On May 17, just a few days before the entry into force of the General Data Protection Regulation (“GDPR”), the ICANN Board approved a Temporary Specification for gTLD Registration Data (“Temporary Specification”) in an attempt to ensure WHOIS compliance. In a nutshell, the Temporary Specification provides open access to Registrant, Administrative and Technical contact information while restricting most personal data to layered/tiered access to users who can show a legitimate interest. However, this has proven to be difficult, as the legitimate interest has been usually set up too high. For instance, GoDaddy only provides full WHOIS information if proof of a legal process is provided to them. This requirement does not reflect the real practice of the digital brand protection industry.
To overcome this difficulty, ICANN has published a new draft on the Framework Elements for Unified Access Model for Continued Access to Full WHOIS Data (“Unified Access Model”). As was already advanced by ICANN, this approach seeks to provide access to full WHOIS data to, among others, defined categories of private third parties who are bound to abide by codes of conduct.
The Unified Access Model proposal will go through three different phases. The first phase, and the current one, involves community discussion and consultations. The second phase, will entail consultation with the European Data Protection Board on the proposal and the approach to develop the different Codes of Conduct for the different user groups. The final phase, involves further refinement and finalization of the Unified Access Model based on inputs from the community and the European Data Protection Board.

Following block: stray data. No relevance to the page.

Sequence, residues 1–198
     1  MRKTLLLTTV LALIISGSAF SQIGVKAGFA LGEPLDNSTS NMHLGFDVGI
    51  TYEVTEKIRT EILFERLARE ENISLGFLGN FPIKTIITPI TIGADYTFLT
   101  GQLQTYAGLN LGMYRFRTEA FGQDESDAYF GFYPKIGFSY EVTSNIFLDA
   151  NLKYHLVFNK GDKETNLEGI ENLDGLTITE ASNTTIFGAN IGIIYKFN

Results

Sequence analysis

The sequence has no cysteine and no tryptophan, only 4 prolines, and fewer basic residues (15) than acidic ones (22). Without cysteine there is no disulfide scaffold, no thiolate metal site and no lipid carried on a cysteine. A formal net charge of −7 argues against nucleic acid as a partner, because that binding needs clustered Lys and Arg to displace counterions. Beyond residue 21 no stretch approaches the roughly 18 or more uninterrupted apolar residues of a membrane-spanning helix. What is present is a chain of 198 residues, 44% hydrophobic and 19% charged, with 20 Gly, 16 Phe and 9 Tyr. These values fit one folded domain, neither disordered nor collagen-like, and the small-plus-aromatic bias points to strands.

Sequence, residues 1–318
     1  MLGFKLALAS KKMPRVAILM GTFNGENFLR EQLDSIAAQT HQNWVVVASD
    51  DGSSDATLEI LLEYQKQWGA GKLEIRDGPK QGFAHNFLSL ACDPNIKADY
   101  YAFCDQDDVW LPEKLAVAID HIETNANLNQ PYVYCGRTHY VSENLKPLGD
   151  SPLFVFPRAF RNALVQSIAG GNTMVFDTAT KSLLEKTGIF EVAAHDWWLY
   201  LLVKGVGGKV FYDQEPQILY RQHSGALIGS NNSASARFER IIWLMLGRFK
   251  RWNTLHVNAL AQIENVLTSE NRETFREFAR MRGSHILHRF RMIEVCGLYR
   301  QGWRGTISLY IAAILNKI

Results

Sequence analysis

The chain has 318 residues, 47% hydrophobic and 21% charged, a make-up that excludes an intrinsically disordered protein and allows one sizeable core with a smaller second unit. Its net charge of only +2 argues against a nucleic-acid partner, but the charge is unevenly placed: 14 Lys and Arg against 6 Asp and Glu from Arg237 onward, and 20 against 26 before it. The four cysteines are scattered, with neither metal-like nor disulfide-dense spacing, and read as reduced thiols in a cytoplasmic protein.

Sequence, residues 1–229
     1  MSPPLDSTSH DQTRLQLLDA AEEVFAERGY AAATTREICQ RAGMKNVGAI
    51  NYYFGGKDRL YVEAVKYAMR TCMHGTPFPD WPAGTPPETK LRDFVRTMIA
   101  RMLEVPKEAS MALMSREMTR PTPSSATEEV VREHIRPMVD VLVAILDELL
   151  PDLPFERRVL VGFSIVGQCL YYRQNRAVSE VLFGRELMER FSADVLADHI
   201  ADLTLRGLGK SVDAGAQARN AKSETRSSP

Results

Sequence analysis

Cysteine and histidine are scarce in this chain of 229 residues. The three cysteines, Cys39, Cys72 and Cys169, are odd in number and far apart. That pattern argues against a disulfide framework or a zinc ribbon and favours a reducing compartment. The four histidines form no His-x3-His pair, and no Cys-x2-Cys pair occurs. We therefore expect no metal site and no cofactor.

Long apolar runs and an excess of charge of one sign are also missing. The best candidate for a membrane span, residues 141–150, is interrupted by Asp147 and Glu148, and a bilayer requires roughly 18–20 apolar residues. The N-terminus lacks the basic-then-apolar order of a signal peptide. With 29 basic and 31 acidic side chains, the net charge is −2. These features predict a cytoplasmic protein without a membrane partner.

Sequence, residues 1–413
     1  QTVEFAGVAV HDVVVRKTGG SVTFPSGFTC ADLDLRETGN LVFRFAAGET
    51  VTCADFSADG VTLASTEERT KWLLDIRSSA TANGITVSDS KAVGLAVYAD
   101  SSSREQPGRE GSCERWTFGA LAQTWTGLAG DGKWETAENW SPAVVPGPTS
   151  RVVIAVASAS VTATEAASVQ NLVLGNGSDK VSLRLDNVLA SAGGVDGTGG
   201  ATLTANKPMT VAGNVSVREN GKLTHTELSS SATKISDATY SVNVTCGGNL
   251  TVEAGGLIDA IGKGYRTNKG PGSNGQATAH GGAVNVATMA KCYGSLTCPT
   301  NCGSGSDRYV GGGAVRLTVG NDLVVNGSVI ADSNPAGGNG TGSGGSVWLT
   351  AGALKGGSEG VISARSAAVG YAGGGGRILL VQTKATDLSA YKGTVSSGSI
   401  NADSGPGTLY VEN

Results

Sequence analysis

Of note is that, as required by the Temporary Specification, registries and registrars are required to implement the RDAP technical protocol by mid-December 2018. The RDAP enables users to access current registration data and was created as an eventual replacement for the WHOIS protocol. As this is a necessary step to enable the implementation of the Unified Access Model, it is likely that the Model will be implemented by early 2019.
The Unified Access Model will be established for only defined groups of legitimately interested users. The different categories of legitimately interested users will be identified by governments within the European Economic Area. ICANN envisions that these groups might include intellectual property rights holders, law enforcement authorities, operational security researchers, and individual registrants which will be identified by relevant bodies with expertise to authenticate these users legitimate interest.
In order to become a legitimate user who can access the non-public WHOIS database, the user would have to go through an application process to be approved by an authenticating body. If the user successfully satisfies the requirements of the authenticating body, then it would be required to confirm its adherence to the relevant Code of Conduct – which will establish a framework for the use of non-public WHOIS data. Possibly a fee will be charged for this.
However, the scope of data that will be available to the authenticated users has not been clarified yet. ICANN will seek guidance from the European Data Protection Board on two possible approaches: (1) access to non-public WHOIS data consistent with the identified legitimate purpose presented to the registry operator or registrar for each query or (2) access to the full WHOIS record for each query.
There is a long road ahead of us and the final text is still far from sight.
Manuela Adrogué, lawyer, LLM in Intellectual Property and Knowledge Management. Data Protection Officer of Pointer BP.